Daniela GS: Very true; for a new mom, it can feel as if there’s a whole new anatomy to deal with! For those suffering from sciatica pain during pregnancy, what would be your advice for easing discomfort whilst at the same time trying to stay fit? Experiencing sciatica can be quite limiting, so I’m sure our readers would appreciate some tips.
Helene Byrne: Most injuries of this sort are due to a lack of dynamic stability, which is the inability to maintain proper form during movement. After pregnancy, all women have a weaker and longer abdominal wall, and most importantly, have laxity in their connective tissues and ligaments (due to pregnancy hormones). Laxity can last for up to 6 months postpartum.
All new moms should resume exercise with postpartum stability exercises that build core strength and realign the spine.
This makes the postpartum body inherently unstable, and yes, it is like having a totally different body. That’s why all new moms should resume exercise with postpartum stability exercises that build core strength and realign the spine. Then once this foundation has been re-established, they can progress to exercises that challenge the core muscle to function properly (again) as stabilizers. Best yet, this is the quickest way to flatten the abdominal wall and close the mid line after pregnancy too.
For pregnant women dealing with sciatica, other types of back pain, or pelvic instability, there are two very effective prenatal core stability exercises that can be done up to delivery on page http://befitmom.com/diastasis-recti.php
Daniela GS: The famous mid-line! Are there any ways by which diastasis recti can be prevented? Are there any specific exercises that moms-to-be can do during pregnancy or is it something that cannot really be avoided?
Helene Byrne: To prevent diastasis recti, also called abdominal separation, women should build and maintain as much strength as possible in their deepest abdominal muscle, the transverse abdominis, or TvA. The TvA is our body’s internal “corset” and when contracted compresses the abdomen, which reduces mid line strain.
Also critical is to avoid all moves that place tensile (stretching) and shear forces on the mid line in the 2nd and 3rd trimesters. This means no moves that flex the upper spine against the force of gravity, like crunches, moves that twist the spine (this places shear forces across the mid line), and all moves that make the bump bulge away from the spine. So this rules out many common fitness, yoga and Pilates moves, including yoga style “belly breathing.”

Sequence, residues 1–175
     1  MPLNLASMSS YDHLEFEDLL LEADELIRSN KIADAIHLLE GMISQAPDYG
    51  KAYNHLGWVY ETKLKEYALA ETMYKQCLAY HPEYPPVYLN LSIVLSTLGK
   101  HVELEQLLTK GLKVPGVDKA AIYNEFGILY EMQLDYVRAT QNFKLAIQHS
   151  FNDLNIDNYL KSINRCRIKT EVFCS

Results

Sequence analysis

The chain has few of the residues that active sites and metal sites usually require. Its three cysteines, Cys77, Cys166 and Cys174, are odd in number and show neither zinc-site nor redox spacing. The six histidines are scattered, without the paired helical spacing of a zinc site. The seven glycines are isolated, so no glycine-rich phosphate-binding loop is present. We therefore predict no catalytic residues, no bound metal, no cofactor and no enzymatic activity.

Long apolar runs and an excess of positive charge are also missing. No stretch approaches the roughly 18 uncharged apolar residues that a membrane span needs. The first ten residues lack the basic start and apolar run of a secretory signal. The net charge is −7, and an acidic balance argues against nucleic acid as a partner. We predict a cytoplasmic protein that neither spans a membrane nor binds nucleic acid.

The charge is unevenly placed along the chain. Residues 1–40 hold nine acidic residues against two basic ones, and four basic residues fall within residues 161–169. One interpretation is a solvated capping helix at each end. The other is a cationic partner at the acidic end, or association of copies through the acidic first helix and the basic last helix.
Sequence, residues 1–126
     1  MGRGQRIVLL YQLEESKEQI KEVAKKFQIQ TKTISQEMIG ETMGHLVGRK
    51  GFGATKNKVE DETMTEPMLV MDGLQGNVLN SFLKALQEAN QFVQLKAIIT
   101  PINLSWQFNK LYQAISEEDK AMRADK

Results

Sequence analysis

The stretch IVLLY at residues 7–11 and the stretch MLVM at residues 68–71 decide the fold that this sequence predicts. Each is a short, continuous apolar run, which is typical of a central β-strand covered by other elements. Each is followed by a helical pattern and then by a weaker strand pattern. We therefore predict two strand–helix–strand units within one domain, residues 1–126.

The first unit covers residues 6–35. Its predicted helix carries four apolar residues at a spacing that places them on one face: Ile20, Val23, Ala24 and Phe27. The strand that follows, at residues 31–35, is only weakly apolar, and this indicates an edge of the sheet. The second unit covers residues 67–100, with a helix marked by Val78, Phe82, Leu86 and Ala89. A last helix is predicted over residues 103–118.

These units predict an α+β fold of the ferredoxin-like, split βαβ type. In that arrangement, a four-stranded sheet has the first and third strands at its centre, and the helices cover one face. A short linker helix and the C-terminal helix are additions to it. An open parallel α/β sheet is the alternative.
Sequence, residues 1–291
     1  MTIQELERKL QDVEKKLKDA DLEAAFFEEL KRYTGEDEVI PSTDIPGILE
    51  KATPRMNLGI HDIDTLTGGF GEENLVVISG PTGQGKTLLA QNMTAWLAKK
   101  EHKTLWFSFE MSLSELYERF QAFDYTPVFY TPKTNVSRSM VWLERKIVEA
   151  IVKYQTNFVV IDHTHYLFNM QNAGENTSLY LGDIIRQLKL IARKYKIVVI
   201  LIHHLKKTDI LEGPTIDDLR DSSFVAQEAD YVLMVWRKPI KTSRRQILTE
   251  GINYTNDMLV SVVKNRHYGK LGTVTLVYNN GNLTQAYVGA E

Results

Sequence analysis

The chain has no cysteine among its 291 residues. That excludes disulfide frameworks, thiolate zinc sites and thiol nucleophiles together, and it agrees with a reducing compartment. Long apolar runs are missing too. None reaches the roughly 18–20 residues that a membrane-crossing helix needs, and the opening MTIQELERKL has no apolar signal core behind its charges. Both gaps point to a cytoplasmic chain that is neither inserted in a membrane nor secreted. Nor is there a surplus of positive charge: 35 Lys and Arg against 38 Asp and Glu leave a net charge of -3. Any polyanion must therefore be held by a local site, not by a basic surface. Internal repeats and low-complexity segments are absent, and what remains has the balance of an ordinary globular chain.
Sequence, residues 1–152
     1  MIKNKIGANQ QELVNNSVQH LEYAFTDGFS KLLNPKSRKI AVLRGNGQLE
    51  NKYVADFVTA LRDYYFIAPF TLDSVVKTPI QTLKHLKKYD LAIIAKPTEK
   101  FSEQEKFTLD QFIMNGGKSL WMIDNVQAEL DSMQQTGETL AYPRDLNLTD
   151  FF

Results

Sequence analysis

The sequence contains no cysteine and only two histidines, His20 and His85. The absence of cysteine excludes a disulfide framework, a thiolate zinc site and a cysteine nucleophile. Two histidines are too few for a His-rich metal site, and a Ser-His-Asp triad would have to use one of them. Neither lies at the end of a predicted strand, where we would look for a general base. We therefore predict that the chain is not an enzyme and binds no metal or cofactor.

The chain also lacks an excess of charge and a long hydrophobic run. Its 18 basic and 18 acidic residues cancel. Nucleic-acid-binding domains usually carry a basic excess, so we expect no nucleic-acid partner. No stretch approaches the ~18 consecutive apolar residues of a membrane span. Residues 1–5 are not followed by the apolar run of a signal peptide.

When rising from the floor or getting out of bed, all pregnant women should use the “log roll” technique to prevent mid line strain. The diastasis recti link above has a video demo of how to do a “log roll” during pregnancy, as well as a lot more info on diastasis recti during and after pregnancy.
Daniela GS: I’m sure our readers would greatly appreciate this advice as abdominal separation is a concern for many. A final question if I may, for those moms concerned with their weight gain during pregnancy, and the feelings associated with seeing your body change so drastically, do you have any words of wisdom for them to relate to, now and in their postpartum?
The best strategy for managing prenatal gain is to eat a high-quality diet that matches your individual metabolism.
Helene Byrne: Seeing the scale rise and rise is tough for most women, regardless of their starting weight or fitness status, and is particularly hard for those who have struggled with weight and food issues. The best strategy for managing prenatal gain is to eat a high-quality diet that matches your individual metabolism. If you do this, then you will only gain a few lbs. of extra energy storage, which will be utilized during breastfeeding. For women who start with a BMI between 18.6 and 24.9, matching metabolism is ideal. For women who start with a BMI below 18.6, then you want to eat slightly above your metabolic balance point, and start right away, in the first trimester. For women who start pregnancy with a BMI above 25, then eating slightly below their metabolic balance point (this is NOT going on a ‘diet’) will dramatically lower a range of risk factors, and significantly improve maternal and fetal health.
Metabolic formulas are tricky during and after pregnancy, as you need to track rate of gain with starting BMI and week of gestation, which is why I published the Perfect Pregnancy and Postpartum Pounds App, so that all women, no matter her size and fitness level can gain the ideal amount of weight during pregnancy, to ensure the best start for baby. You can find out more about prenatal weight management at http://befitmom.com/perfect-pregnancy-pounds.php.
Daniela GS: Thank you for your time today Helene, it’s been a pleasure speaking with you and gaining indispensable insight into exercise during pregnancy and after; your advice will be helpful to many.
Helene Byrne: Thanks for the opportunity.